A former U.S. Army civilian employee pleaded guilty on Thursday to conspiring to accept tens of thousands of dollars worth of bribes and disclose sensitive Army procurement information.
Franklin Raby, 67, of Greeneville, Tennessee, received items of value from a company hoping to get "sensitive internal U.S. Department of Defense procurement information" while he was working as a civilian range operations manager at Hawaii's Schofield Barracks from March 2015 through May 2018, according to court documents.
The company, REK Associates, sent Raby high-value items, including a 1969 Ford Galaxie, custom H&H rifle, and $2,300 diamond earrings "meant for the defendant's wife," documents said. In total, the government estimates Raby received between $40,000 and $95,000 worth of items from REK Associates. However, he did not properly fill out financial disclosure forms, including gift and travel reimbursements over a five-year period.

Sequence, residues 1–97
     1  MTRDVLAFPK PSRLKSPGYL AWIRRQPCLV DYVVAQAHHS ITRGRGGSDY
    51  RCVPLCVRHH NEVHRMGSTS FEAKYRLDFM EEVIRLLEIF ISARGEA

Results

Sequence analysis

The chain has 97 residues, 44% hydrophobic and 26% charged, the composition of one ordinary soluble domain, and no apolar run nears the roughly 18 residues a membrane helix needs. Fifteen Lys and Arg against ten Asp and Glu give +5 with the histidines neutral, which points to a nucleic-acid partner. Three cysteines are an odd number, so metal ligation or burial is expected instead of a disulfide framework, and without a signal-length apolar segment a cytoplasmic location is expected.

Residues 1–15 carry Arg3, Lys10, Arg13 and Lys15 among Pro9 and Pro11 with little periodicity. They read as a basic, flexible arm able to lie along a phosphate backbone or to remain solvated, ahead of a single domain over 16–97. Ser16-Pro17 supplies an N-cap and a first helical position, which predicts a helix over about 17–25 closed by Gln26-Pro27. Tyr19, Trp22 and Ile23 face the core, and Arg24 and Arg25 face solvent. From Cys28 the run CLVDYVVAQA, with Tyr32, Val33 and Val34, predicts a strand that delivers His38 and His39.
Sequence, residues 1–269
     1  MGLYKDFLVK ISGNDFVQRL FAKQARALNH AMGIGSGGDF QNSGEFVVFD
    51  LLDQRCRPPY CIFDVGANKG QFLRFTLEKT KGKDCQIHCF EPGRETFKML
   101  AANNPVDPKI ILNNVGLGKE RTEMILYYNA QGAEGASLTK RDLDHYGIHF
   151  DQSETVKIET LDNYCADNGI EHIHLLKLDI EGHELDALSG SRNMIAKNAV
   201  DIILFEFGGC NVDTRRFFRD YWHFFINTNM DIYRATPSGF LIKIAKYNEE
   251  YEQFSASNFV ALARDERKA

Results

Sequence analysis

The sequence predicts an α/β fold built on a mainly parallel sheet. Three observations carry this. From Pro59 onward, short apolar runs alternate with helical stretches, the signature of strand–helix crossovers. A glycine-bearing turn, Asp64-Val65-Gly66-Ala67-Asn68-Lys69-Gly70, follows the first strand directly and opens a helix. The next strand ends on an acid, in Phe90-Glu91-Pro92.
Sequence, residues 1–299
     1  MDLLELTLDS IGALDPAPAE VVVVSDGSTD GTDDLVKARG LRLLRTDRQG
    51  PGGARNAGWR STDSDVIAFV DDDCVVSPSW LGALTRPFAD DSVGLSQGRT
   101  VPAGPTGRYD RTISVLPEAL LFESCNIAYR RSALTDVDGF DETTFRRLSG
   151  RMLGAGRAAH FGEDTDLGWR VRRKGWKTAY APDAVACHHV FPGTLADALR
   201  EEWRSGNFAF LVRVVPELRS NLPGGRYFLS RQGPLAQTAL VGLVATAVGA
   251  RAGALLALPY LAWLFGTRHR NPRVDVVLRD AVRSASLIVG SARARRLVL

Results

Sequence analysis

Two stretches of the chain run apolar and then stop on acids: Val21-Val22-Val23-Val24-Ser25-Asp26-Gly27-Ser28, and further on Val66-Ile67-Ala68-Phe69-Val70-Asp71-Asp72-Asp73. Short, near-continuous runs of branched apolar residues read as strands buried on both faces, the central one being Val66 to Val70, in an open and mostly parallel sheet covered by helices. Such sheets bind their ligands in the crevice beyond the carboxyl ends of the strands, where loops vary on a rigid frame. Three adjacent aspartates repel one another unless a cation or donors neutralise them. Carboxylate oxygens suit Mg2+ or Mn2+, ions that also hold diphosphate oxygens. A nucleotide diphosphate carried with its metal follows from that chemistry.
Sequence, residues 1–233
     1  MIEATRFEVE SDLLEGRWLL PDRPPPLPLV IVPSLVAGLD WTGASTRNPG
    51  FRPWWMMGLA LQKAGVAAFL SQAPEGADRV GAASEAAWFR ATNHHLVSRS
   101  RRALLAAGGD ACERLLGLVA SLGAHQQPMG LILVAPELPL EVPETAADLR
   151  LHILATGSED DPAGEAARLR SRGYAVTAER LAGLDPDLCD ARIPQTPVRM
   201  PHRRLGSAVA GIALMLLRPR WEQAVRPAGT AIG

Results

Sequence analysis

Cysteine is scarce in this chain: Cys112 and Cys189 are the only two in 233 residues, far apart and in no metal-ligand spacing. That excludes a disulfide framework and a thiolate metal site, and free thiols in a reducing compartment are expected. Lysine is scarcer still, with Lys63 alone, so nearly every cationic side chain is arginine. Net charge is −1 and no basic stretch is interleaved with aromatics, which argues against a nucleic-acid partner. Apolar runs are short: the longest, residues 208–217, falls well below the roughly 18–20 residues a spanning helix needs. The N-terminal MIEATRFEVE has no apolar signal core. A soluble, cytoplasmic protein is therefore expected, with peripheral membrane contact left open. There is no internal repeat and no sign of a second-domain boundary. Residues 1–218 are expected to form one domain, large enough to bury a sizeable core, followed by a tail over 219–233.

According to court documents, Raby used his "position of influence" to assist REK Associates in receiving a government contract by tailoring the contract's language so that the company had a better chance of getting it, the government said.
Raby would ultimately go on to leave the Army, accepting a position as a program manager with REK Associates in June 2018.
He became a Defense Department civilian employee in 2006 after retiring from the Army as a Sergeant Major two years prior. In addition to working as a range operations manager, he served as a contract officer representative and an agreement officer representative, providing "technical direction, clarification and guidance to contractors performing on certain contracts with the federal government," court documents said.
REK Associates, which did not respond to a request for comment by ABC News, had been awarded multiple Defense Department contracts in the past to assist in maintaining U.S. military properties.
Raby could be sentenced to a maximum of five years in prison. His sentencing is scheduled for August 5.